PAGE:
Skip to content


  • Research
  • Open Access

Screening of soy protein-derived hypotriglyceridemic di-peptides in vitro and in vivo

  • 1, 4,
  • 1,
  • 1,
  • 1,
  • 1,
  • 1,
  • 2,
  • 3,
  • 3,
  • 3 and
  • 1Email author
Contributed equally
Lipids in Health and Disease201110:85

  • Received: 1 April 2011
  • Accepted: 22 May 2011
  • Published:



Soy protein and soy peptides have attracted considerable attention because of their potentially beneficial biological properties, including antihypertensive, anticarcinogenic, and hypolipidemic effects. Although soy protein isolate contains several bioactive peptides that have distinct physiological activities in lipid metabolism, it is not clear which peptide sequences are responsible for the triglyceride (TG)-lowering effects. In the present study, we investigated the effects of soy protein-derived peptides on lipid metabolism, especially TG metabolism, in HepG2 cells and obese Otsuka Long-Evans Tokushima fatty (OLETF) rats.


In the first experiment, we found that soy crude peptide (SCP)-LD3, which was prepared by hydrolyze of soy protein isolate with endo-type protease, showed hypolipidemic effects in HepG2 cells and OLETF rats. In the second experiment, we found that hydrophilic fraction, separated from SCP-LD3 with hydrophobic synthetic absorbent, revealed lipid-lowering effects in HepG2 cells and OLETF rats. In the third experiment, we found that Fraction-C (Frc-C) peptides, fractionated from hydrophilic peptides by gel permeation chromatography-high performance liquid chromatography, significantly reduced TG synthesis and apolipoprotein B (apoB) secretion in HepG2 cells. In the fourth experiment, we found that the fraction with 0.1% trifluoroacetic acid, isolated from Frc-C peptides by octadecylsilyl column chromatography, showed hypolipidemic effects in HepG2 cells. In the final experiment, we found that 3 di-peptides, Lys-Ala, Val-Lys, and Ser-Tyr, reduced TG synthesis, and Ser-Tyr additionally reduced apoB secretion in HepG2 cells.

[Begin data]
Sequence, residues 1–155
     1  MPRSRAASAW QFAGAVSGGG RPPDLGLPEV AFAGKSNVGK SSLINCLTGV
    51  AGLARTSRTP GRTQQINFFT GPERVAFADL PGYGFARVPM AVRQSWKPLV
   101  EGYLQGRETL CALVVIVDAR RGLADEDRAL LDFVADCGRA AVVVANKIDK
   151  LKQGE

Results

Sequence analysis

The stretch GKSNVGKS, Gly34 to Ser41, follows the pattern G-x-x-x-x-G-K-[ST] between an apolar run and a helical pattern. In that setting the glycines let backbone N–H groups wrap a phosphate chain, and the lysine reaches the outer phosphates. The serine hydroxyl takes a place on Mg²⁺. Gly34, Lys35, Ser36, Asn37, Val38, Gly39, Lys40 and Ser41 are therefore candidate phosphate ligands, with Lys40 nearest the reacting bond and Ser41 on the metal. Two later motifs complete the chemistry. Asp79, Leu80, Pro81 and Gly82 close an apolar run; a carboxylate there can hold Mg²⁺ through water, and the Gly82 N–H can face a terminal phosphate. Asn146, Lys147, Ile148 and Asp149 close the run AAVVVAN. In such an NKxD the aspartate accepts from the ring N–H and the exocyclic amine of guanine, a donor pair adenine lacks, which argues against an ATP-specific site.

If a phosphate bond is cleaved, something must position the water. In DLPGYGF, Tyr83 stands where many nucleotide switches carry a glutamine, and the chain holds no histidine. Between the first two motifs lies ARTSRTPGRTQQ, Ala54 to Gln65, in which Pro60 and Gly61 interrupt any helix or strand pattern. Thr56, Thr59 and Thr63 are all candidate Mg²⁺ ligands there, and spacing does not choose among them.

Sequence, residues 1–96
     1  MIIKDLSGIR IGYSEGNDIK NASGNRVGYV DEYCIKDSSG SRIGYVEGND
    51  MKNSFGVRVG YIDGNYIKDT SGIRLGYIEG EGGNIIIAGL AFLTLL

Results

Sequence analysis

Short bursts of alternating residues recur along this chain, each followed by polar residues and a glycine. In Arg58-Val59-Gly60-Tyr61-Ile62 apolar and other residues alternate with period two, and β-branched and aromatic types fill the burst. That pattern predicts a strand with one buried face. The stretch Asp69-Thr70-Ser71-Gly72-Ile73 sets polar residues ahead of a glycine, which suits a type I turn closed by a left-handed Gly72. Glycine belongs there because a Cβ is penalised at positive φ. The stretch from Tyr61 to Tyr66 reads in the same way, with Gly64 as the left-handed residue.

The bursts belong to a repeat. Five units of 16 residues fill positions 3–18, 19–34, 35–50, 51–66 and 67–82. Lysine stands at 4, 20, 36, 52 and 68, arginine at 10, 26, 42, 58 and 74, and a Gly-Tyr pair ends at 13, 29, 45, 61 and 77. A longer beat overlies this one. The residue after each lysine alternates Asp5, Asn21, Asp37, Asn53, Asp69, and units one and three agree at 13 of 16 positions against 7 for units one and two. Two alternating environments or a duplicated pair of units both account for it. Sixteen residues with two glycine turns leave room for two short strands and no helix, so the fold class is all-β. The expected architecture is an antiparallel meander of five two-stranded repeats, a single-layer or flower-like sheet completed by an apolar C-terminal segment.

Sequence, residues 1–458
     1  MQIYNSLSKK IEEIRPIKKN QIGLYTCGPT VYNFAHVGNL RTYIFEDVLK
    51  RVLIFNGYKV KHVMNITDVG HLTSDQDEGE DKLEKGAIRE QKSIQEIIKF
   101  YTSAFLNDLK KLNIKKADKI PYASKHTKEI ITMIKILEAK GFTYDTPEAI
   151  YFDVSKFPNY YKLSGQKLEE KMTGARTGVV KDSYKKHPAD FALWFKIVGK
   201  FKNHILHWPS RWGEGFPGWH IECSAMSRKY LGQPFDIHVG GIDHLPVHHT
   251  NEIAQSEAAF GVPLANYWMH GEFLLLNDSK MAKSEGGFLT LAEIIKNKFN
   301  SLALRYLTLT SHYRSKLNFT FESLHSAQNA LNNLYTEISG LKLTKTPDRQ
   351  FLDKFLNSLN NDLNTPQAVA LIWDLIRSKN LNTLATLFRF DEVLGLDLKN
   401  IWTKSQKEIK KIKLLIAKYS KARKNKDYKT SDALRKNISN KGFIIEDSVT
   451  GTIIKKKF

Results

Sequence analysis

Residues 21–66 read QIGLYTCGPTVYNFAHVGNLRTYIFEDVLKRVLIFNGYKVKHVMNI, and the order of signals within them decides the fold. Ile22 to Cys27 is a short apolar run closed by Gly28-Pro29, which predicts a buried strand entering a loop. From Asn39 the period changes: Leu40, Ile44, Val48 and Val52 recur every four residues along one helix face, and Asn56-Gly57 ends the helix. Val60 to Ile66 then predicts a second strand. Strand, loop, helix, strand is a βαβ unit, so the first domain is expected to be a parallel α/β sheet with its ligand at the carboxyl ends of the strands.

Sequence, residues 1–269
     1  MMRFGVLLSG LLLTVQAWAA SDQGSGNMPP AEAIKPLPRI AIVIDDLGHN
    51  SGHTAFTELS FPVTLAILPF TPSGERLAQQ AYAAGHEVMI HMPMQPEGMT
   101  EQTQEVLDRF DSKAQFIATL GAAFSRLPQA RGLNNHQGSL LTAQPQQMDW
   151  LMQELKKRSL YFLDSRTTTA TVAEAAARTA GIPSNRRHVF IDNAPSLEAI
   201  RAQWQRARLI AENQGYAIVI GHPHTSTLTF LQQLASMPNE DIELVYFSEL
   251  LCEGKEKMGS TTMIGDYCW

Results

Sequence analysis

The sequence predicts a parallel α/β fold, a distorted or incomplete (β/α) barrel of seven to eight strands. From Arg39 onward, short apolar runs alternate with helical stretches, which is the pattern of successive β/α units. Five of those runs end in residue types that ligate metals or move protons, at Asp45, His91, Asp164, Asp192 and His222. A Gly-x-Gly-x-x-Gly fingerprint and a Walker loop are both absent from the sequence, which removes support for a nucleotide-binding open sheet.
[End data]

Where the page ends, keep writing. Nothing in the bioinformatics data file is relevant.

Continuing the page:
Novel active peptides with TG-lowering effects from soy protein have been isolated.


  • HepG2 Cell
  • Hydrophilic Fraction
  • Choline Bitartrate
  • apoB100 Secretion
  • Hypocholesterolemic Peptide


In industrialized countries, lifestyle-related diseases such as hyperlipidemia, arteriosclerosis, diabetes mellitus, and hypertension are widespread and increasingly prevalent, thus contributing to the increases in cardiovascular morbidity and mortality [1, 2]. Accompanied by the rapid increase in the number of elderly people, this increase in lifestyle-related diseases becomes important not only medically, but also socioeconomically. A clustering of metabolic disorders in an individual, defined as metabolic syndrome, is known to increase cardiovascular morbidity and mortality. Although the pathogenesis of metabolic syndrome is complicated and the precise details of its underlying mechanisms are not known, lipid abnormality is now proposed as a feature of metabolic syndrome along with insulin resistance [13]. Many studies have suggested that the quality of dietary proteins can be an important modulator of the risks associated with this syndrome [47].